These essentially function as extra combat spells for this deck, letting us attack each player withuninterrupted until we’ve won the game. That they shuffle themselves into our library is important, as it allows us to keep the chain of attacks going. is also going to need haste so that she can attack during each extra turn. is perfect in this role. Shroud is valuable protection against any last-minute removal, and the free equip cost helps us cut down on the mana required for all this to work. is another free haste enabler; it just requires a turn to deal with its own summoning sickness before we can use it.
We’re also going to need an extra draw during every turn. We’ll have a two-card library at the beginning of every turn, and we need both those cards to keep the combo going.and are straightforward ways to do this, but they can be dangerous, as well. If one of these cards is in play before we cast , we need to make sure that we cast with one card still in our library, otherwise we’ll deck ourselves out. gets around this problem by being a form of virtual card draw. Instead of actually drawing us our second card, lets us cast it from our library.
The final pieces of the puzzle are free draw spells. These are important for getting us through thepile and to the spells that actually win the game. Cantrips like and are also vital for getting us to the top card of our library after casting . The trickiest thing about actually selecting and ordering the five cards is knowing which of these free draw spells to choose, and where. will almost always be the top card of your library, as it draws the most cards and is the easiest to cast. If you have or in play, you’ll want to put next in order to leave two cards in your library after casting . This ensures that you don’t deck yourself out. Otherwise, will draw the final two cards. You’ll just need to have two disposable cards in hand to get rid of. If you have the mana necessary, works in this slot as well.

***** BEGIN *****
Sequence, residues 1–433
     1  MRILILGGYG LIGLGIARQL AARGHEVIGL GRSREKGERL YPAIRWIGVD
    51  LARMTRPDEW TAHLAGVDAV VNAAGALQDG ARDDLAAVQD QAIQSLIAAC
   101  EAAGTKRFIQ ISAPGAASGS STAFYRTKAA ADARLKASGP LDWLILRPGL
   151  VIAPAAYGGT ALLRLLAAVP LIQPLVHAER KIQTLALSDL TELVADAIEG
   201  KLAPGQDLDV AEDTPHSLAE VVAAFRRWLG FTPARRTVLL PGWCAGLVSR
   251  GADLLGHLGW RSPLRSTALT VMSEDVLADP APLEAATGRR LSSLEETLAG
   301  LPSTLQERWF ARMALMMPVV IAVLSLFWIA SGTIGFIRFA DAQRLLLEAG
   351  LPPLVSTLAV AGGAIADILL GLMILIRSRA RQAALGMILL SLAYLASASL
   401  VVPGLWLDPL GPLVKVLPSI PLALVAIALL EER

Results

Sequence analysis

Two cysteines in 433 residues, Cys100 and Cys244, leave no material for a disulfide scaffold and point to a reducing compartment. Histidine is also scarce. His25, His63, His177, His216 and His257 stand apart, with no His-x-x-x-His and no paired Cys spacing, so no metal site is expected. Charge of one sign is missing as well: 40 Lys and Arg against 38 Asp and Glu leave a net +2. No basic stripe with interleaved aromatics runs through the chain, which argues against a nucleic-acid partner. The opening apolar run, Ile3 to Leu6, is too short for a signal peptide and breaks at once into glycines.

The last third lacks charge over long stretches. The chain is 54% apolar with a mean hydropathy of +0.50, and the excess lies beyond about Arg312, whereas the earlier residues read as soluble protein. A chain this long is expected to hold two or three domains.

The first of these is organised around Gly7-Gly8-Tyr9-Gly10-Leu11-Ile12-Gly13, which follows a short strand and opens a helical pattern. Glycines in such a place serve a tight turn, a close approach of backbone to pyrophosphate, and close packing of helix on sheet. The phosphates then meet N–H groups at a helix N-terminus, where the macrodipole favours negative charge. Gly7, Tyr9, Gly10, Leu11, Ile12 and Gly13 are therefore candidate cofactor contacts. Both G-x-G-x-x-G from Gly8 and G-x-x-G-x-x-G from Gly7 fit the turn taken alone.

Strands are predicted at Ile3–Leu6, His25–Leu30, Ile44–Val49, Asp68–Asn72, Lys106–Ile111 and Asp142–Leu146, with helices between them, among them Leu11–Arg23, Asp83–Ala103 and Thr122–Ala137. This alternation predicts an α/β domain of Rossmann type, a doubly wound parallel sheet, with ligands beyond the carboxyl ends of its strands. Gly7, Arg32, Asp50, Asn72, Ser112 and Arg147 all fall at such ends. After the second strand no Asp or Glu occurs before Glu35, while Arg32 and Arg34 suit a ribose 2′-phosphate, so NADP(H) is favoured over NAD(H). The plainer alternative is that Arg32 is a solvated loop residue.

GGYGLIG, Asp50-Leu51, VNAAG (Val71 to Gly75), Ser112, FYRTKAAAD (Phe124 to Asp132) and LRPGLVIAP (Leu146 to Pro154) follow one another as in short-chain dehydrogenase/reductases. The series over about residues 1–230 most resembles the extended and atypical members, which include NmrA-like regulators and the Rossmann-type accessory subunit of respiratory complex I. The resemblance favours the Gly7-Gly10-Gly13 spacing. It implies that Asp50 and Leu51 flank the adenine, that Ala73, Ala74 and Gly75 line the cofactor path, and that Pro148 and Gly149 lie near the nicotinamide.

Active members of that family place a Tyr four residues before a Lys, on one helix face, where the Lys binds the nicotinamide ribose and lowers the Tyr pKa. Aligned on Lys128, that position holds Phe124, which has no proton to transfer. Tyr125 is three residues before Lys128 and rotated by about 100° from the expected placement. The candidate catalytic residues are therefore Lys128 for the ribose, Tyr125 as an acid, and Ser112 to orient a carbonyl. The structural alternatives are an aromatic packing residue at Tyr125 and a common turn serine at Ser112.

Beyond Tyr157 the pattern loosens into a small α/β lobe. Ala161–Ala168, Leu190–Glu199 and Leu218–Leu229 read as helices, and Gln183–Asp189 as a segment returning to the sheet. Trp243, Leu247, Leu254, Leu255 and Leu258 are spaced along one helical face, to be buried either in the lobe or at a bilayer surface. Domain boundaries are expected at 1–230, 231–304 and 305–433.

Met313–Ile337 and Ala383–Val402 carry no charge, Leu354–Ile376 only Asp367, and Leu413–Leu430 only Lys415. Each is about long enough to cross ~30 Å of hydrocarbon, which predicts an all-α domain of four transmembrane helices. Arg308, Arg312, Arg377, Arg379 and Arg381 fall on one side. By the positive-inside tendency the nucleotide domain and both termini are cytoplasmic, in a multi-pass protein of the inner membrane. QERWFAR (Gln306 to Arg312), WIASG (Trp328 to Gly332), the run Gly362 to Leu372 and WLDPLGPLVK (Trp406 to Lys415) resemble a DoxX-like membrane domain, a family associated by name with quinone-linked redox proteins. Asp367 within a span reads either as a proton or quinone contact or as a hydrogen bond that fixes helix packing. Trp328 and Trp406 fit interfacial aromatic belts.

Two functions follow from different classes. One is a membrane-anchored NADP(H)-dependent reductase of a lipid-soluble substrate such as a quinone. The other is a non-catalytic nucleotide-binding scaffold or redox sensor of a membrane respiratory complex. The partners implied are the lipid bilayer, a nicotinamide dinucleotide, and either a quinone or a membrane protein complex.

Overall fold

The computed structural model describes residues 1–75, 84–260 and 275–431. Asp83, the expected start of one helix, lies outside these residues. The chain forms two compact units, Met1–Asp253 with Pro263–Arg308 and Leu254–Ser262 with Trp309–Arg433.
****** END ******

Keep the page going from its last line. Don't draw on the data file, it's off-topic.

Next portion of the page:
This leaves three spots among our five cards, just enough to find an extra turn spell, a draw engine, and a haste enabler. Once you castand a cantrip to draw , the goal is to cast to take an extra turn. After that, you can cast and , and then on the turn after. You’re then all set up to start attacking every turn with your commander.